One of the tricky parts of writing is conveying your meaning.
You know what you mean. Does the reader? That’s the hard part – and it’s where ‘beta readers’ and editors come in. But it’s also something that needs to be got right – or as close to right as you can – first off.
That’s why calling something ‘close enough for jazz’ – meaning ‘close enough is good enough’ – doesn’t wash.
Actually, that doesn’t wash in jazz music, either. That genre has some of the most precise and complex rhythms known in music. Ever tried to play a piece in ‘Thirteen’? It’s 5/8 and 4/4 on alternate bars to create the rhythm one-two-one-two-three/one-two-three-four. Try tapping it on your desk. Go on, I double dare you. The first bar and last have to be tapped in the same number of seconds.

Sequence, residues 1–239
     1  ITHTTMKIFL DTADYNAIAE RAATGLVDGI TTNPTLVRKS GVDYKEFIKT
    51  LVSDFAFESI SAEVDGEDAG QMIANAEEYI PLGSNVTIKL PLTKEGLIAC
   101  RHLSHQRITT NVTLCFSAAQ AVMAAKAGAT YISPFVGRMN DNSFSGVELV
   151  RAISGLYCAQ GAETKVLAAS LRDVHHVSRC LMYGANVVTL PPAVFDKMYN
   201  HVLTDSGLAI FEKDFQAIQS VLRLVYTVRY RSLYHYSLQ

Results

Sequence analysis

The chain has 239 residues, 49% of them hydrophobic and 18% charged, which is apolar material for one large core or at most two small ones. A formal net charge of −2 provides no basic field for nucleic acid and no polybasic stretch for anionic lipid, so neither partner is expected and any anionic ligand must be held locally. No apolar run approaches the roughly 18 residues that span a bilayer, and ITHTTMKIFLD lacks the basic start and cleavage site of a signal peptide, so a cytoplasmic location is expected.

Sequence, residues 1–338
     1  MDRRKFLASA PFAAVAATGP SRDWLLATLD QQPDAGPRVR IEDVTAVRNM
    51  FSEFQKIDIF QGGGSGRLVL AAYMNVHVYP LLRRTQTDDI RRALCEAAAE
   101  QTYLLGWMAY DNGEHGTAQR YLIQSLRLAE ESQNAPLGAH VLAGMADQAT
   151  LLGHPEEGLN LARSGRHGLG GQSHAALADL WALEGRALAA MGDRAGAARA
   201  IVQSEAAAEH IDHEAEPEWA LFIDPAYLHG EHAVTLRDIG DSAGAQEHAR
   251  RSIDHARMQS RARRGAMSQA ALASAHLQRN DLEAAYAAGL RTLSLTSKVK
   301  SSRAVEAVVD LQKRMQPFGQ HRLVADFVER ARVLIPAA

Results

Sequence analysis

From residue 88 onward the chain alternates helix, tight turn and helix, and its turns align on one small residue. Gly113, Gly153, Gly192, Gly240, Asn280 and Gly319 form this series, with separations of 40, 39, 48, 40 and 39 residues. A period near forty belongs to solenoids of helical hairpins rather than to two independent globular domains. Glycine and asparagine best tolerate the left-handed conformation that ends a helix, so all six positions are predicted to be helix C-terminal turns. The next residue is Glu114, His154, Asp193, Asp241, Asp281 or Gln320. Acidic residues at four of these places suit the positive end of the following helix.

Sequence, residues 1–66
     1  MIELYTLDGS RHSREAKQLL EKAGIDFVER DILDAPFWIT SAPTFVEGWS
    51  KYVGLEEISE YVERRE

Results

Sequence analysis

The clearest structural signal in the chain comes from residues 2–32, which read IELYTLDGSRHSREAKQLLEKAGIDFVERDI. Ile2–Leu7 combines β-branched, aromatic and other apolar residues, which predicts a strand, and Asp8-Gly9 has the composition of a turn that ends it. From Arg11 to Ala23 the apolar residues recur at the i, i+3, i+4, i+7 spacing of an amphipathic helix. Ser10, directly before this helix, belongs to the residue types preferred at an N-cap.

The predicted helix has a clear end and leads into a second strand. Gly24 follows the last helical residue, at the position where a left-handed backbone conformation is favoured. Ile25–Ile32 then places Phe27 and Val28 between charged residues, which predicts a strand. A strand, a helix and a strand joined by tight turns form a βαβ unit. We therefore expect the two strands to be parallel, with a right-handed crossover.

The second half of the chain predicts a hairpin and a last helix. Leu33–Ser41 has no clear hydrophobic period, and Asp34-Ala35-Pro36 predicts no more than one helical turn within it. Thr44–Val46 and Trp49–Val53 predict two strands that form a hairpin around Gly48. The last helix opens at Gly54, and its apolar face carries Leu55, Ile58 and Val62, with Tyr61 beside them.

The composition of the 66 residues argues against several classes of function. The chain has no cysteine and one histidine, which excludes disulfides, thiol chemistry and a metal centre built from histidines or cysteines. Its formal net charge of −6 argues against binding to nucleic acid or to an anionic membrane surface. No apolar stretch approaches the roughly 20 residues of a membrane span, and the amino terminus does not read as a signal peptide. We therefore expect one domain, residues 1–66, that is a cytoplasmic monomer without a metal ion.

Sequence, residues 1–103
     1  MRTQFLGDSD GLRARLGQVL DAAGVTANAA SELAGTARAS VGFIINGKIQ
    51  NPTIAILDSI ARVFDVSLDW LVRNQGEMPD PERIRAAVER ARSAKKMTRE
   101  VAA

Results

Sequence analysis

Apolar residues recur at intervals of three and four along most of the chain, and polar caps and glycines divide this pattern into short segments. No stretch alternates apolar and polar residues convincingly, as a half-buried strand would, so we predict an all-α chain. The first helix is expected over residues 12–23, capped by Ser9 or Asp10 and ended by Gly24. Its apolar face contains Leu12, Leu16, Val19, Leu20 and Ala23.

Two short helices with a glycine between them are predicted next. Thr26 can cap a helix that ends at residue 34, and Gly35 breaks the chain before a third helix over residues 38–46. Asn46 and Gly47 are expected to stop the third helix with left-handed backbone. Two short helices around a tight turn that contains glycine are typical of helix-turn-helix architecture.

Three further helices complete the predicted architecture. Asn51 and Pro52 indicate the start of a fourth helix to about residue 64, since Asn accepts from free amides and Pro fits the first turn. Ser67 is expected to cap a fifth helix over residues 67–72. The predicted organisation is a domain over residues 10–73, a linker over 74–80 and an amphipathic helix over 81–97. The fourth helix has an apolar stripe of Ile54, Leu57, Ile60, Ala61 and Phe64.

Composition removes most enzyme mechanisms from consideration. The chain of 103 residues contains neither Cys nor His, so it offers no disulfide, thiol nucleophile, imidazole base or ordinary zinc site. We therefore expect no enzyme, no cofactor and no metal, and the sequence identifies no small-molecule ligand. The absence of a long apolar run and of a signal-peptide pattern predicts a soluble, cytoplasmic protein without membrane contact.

The same’s true of writing. Rhythm counts when it comes to word pace and phrasing. So does the selection of the words. Why? Because words are imperfect vehicles to convey the meaning of ideas. And close enough just isn’t good enough if you have a particular meaning in mind.
Copyright © Matthew Wright 2015